Ontario reopens 2 shuttered Toronto hospital sites to cope with overcrowding crisis

Ontario plans to reopen parts of two shuttered health-care sites in Toronto in a bid to tackle the province's significant shortage of hospital beds, a situation that will likely get worse as flu season descends on the city.

Humber River Hospital's former Finch Avenue site and UHN's former Hillcrest site to host patients

The Ontario Hospital Association said last month that this summer saw the longest wait times for emergency care ever recorded, since record keeping began nine years ago. (Paul Chiasson/Canadian Press)

The Ontario government plans to reopen parts of two shuttered health-care sites in Toronto in a bid to tackle the province's significant shortage of hospital beds, a situation that could get worse as flu season descends on the city.

Eric Hoskins, minister of health and long-term care, said Monday that the government will spend some $100 million to make 1,200 more hospital beds available in communities throughout the province. Hoskins said he hopes to have most of the beds available within two to four weeks, and all by the end of the calendar year. 

Some of the $100-million will also go towards improving care for patients transitioning out of a hospital. Part of that effort includes 150 beds at Humber River Regional Hospital's former Finch Avenue site — closed in 2015 — and 75 beds at University Health Network's former Hillcrest site, which closed its doors in 2013.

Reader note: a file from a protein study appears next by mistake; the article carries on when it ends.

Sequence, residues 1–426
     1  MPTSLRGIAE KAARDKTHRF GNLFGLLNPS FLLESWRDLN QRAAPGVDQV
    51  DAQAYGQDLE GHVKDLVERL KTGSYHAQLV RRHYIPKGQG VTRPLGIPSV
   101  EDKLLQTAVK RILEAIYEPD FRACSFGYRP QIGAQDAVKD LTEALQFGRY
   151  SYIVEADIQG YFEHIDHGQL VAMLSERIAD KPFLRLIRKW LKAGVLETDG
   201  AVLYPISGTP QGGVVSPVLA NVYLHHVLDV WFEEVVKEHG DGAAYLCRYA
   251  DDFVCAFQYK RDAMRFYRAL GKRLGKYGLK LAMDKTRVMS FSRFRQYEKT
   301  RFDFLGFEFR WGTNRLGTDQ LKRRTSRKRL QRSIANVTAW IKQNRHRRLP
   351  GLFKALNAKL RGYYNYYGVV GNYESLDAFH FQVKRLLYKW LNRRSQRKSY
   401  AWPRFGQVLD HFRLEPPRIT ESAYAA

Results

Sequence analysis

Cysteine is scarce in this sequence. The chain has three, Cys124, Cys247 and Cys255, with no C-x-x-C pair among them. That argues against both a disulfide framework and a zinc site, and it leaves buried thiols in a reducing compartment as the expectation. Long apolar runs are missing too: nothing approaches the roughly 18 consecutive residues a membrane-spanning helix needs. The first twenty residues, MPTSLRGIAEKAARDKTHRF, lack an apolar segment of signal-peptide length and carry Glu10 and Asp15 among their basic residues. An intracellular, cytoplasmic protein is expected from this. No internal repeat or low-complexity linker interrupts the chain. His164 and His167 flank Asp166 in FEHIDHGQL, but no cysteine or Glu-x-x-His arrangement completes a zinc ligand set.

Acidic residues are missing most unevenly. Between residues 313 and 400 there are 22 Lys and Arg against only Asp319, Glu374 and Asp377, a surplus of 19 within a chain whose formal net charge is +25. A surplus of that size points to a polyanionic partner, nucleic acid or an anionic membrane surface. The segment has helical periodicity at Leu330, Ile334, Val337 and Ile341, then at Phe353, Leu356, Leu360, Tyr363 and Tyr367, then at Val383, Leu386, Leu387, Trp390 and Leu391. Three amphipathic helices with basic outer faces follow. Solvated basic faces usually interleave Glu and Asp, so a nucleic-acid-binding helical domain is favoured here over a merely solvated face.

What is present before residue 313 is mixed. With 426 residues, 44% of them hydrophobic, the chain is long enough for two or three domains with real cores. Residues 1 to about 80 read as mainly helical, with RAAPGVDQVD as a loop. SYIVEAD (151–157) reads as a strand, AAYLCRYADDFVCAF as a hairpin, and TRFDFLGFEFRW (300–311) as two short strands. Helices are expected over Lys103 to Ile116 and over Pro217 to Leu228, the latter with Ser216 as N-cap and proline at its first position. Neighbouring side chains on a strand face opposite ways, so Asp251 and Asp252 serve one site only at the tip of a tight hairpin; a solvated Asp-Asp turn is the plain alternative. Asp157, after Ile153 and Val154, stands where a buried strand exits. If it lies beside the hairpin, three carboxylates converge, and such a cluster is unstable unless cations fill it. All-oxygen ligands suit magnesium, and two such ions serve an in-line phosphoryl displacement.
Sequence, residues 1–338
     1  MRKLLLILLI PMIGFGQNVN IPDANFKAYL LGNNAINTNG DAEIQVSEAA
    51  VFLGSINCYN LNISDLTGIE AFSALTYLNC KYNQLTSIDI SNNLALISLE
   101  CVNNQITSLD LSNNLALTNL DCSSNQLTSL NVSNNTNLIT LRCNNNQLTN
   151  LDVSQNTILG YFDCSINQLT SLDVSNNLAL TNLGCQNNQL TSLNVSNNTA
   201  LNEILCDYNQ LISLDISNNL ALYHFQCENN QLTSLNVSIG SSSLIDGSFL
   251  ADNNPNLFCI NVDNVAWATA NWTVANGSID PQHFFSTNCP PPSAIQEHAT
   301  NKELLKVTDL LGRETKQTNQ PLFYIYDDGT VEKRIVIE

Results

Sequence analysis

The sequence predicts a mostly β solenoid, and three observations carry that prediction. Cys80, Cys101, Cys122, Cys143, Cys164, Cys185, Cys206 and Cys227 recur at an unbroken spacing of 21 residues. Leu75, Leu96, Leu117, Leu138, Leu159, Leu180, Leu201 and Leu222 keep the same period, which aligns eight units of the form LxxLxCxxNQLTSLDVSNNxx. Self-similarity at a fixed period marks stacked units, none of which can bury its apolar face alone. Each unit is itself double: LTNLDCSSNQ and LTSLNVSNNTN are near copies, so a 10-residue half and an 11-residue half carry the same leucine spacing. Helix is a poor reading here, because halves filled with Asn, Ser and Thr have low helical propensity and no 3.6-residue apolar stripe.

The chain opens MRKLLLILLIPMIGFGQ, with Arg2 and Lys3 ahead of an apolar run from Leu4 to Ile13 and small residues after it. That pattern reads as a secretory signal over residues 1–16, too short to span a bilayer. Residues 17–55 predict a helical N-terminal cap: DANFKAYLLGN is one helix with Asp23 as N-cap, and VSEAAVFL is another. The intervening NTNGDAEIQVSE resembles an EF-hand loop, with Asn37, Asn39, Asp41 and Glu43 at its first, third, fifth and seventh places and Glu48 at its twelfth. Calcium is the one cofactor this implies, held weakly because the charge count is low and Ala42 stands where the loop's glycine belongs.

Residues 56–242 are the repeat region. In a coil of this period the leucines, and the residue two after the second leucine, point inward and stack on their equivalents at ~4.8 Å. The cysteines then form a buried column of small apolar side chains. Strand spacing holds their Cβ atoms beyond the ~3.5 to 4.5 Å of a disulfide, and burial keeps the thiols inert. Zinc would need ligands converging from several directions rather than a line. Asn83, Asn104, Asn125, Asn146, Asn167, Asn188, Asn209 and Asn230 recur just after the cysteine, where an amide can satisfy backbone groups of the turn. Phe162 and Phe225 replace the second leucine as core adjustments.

CBC Toronto first reported on the province's plan when it was still being negotiated in September. At the time, Hoskins said he was considering a similar strategy at other former health-care sites that are currently not being used to care for patients.

In addition to 1,200 beds, the government says the money will also be spent on:

  • 207 new supportive housing units for seniors who need help when they leave hospital.
  • Creating some 500 "transitional care spaces" for up to 1,700 patients who need assistance but don't require a hospital stay.

Hoskins said the transitional spaces are slated to be permanent. There are about 3,000 beds in Ontario hospitals occupied by what are called "alternate level of care" patients. These are people who do not need acute care and have been discharged, but still need a level of help beyond what they could get at home on their own. 

Whether the additional beds will remain in place after the upcoming flu season will depend on budgetary considerations, Hoskins said.  

The Finch Avenue site of the Humber River Regional Hospital in Toronto is no longer being used, after a new facility was opened in 2015. Ontario will open it to 150 patients in transitional care. (Sébastien St-Francois/Radio-Canada)

The Ontario Hospital Association reported last month that this summer brought the longest wait times for emergency care ever recorded in the province since record keeping began nine years ago. It warned that the impending flu season could generate a "capacity crisis" in Toronto and beyond if the government did not respond in time. 

Early indicators are pointing to a rough flu season this year. Some countries in the southern hemisphere that just went through winter, such as Australia, struggled with a particularly nasty strain of the virus. 

"It's prudent I think that we make sure that we are prepared, and certainly one aspect of this decision is ensure that our hospitals do have the capacity should we face a particularly bad flu season this year," Hoskins said. 

Ontario NDP Leader Andrea Horwath said the additional beds and funding are welcome, but that "the government is scrambling to try to fix a problem" that it created by not investing enough in hospitals. 


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